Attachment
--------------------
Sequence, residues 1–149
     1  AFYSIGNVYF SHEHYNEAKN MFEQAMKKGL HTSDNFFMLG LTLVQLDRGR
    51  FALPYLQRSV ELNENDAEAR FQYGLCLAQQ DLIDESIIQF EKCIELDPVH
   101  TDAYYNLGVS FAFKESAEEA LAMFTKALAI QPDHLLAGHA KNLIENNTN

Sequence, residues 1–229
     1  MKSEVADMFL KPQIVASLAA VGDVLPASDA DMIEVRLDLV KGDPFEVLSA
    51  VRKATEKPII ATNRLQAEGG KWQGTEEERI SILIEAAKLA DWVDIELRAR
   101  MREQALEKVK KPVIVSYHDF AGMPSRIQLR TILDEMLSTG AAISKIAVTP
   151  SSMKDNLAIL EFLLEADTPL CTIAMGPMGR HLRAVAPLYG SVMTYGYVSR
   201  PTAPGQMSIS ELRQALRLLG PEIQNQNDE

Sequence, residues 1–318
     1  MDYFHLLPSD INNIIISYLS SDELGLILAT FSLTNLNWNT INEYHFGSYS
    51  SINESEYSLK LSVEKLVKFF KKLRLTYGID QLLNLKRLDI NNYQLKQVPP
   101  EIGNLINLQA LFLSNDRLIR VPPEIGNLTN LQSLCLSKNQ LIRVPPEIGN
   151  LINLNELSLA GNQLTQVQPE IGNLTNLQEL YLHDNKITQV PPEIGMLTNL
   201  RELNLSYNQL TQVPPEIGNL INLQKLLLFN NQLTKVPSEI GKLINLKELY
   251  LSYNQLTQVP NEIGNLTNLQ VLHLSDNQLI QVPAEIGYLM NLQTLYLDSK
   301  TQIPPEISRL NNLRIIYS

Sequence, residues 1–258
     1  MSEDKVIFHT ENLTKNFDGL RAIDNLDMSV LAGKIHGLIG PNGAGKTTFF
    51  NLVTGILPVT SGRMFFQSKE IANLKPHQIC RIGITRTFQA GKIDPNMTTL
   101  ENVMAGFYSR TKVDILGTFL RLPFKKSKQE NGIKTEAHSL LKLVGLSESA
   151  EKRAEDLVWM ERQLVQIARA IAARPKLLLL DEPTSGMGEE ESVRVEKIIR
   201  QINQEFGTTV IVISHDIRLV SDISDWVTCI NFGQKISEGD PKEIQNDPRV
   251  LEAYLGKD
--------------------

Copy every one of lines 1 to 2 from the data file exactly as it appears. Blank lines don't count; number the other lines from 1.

Sequence, residues 1–149
     1  AFYSIGNVYF SHEHYNEAKN MFEQAMKKGL HTSDNFFMLG LTLVQLDRGR